Invasive Zebra Mussels Found in Lakes Lyndon B. Johnson, Pflugerville in Central Texas
Aug. 12, 2019
Media Contact: TPWD News, Business Hours, 512-389-8030
Lakes McQueeney, Placid Also Added to Statewide List of Lakes with Zebra Mussels
Note: This item is more than a year old. Please take the publication date into consideration for any date references.
AUSTIN – Established, reproducing populations of invasive zebra mussels have been discovered at two new lakes in Central Texas, Lake Lyndon B. Johnson (LBJ) in the Colorado River basin northwest of Austin and Lake Pflugerville northeast of Austin.
Texas Parks and Wildlife Department (TPWD) and Lower Colorado River Authority (LCRA) biologists confirmed the presence of zebra mussels in Lake LBJ after LCRA staff found about a dozen juvenile and adult zebra mussels near the Thomas C. Ferguson Power Plant in the Horseshoe Bay area July 29. Additional surveys also found juvenile and adult zebra mussels attached to structures in several other locations in the lake near Wirtz Dam, McNair Park and Kingsland Community Park and zebra mussel larvae were found in plankton samples. Zebra mussels are expected to spread downstream from Lake LBJ into Lake Marble Falls where zebra mussels haven’t been found to date.
“It is disheartening to see zebra mussels spreading higher up the chain of the Highland Lakes in the Colorado River basin, as only boats can move this invasive species upstream to uninvaded reservoirs and downstream dispersal is inevitable,” said Monica McGarrity, TPWD Senior Scientist for Aquatic Invasive Species Management. “Zebra mussels haven’t yet been found in Lakes Buchanan and Inks, upstream of Lake LBJ, but their introduction closer to these lakes reinforces how critical it is for boaters to take steps to prevent their spread.”
Lake Pflugerville, a water supply reservoir located northeast of Austin, has also been found to be infested with zebra mussels. TPWD confirmed the presence of zebra mussels at the lake after Inland Fisheries staff found adult zebra mussels attached to aquatic vegetation during a routine survey.
“If you are going to be recreating on these and other lakes in Texas, it is essential to make the effort to prevent zebra mussels from spreading further,” McGarrity said. “If you are on the lake for the day, take the time to properly clean, drain and dry your boat and gear before traveling to another lake. If you store a boat in the water on a lake with zebra mussels or work at a marina where boats are stored, please reach out to us directly to make sure proper decontamination procedures are being followed before any vessel is moved. A single mussel-fouled boat or barge can carry thousands of zebra mussels and cause a new lake to become infested.”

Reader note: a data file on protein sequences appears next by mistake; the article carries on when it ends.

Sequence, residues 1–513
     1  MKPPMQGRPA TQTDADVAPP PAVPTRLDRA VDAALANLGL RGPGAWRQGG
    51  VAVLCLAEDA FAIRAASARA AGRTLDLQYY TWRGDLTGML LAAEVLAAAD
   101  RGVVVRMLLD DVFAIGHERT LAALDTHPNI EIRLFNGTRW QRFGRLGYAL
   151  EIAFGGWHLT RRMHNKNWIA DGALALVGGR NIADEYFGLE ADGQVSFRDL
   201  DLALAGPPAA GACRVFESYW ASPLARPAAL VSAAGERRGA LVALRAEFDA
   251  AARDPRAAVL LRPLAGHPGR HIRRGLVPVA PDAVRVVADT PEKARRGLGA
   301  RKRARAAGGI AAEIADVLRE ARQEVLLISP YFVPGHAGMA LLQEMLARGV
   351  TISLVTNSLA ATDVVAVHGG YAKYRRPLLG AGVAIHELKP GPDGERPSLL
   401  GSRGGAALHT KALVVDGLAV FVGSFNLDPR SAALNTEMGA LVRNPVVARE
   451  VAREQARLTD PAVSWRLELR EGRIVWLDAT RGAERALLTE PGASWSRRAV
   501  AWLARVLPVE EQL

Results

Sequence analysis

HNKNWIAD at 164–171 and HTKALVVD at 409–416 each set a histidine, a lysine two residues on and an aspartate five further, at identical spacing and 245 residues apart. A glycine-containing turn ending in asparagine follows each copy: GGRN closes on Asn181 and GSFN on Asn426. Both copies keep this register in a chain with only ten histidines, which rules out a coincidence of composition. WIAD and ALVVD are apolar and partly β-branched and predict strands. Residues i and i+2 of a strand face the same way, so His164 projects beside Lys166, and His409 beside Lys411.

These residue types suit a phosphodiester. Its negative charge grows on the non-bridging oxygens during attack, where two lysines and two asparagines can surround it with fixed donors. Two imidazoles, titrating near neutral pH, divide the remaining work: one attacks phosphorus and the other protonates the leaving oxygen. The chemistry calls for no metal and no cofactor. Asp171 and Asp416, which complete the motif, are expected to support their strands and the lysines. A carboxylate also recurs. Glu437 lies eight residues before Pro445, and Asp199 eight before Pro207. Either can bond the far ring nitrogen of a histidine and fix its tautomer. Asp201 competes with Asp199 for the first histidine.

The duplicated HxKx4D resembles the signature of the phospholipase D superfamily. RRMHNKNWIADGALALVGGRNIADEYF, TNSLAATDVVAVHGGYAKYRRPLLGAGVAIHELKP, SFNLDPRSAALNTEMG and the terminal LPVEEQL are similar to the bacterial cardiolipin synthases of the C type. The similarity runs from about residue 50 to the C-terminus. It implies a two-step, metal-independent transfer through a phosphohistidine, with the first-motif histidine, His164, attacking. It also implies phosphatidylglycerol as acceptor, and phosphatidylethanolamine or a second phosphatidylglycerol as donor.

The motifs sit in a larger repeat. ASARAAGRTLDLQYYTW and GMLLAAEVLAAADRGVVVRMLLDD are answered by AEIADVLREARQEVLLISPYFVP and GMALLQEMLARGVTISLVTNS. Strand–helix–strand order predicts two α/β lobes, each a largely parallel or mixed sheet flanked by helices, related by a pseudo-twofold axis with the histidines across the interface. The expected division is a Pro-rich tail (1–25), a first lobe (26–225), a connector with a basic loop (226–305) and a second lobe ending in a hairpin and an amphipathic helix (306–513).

As of August 2019, 17 Texas lakes in five river basins are classified as infested with an established, reproducing population of zebra mussels, including Lake LBJ and Lake Pflugerville. New additions to the list of 11 positive lakes where zebra mussels have been detected on more than one occasion include Lakes Placid and McQueeney in the Guadalupe River basin, downstream of infested Canyon Lake. Three water bodies in Texas are currently listed as suspect, meaning zebra mussels or their larvae have been found only once in recent history. A status map and full list of these lakes can be found on the TPWD website.
“There is currently no effective way to selectively control or eliminate zebra mussels once they get established in a public lake,” said Mukhtar Farooqi, TPWD Inland Fisheries Biologist. “This highlights the importance of clean, drain, dry as our best line of defense for reducing the spread of zebra mussels into new lakes.”
In Texas, it is unlawful to possess or transport zebra mussels, dead or alive. Boaters are required to drain all water from their boat and onboard receptacles before leaving or approaching a body of fresh water to prevent the transfer of zebra mussels and other invasive species. Zebra mussel larvae are microscopic and can survive for days in residual water, and adult zebra mussels can survive even longer out of water, especially in cooler months. The requirement to drain applies to all types and sizes of boats whether powered or not – personal watercraft, sailboats, kayaks, canoes or any other vessel used on public waters.
The rapidly reproducing zebra mussels can have serious economic, recreational and environmental impacts on Texas reservoirs and rivers. Zebra mussels can harm aquatic species, cover rocks, beaches, hard surfaces with sharp shells, clog water intakes, damage or increase maintenance on facilities using raw surface water, and damage boats and motors left in infested waters.
TPWD and partners continually monitor for invasive mussels in Texas lakes, but anyone who finds them in lakes where they haven’t been found before or who spots them on boats, trailers or equipment that is being moved is encouraged to help prevent new introductions by immediately reporting the sighting to TPWD at (512) 389-4848 or by emailing photos and location information to email@example.com.
More information about zebra mussels can be found online at tpwd.texas.gov/ZebraMussels. A short instructional video on how to properly clean, drain and dry boats and equipment can be found on the TPWD YouTube channel at https://youtu.be/DMlEwbXmLx8.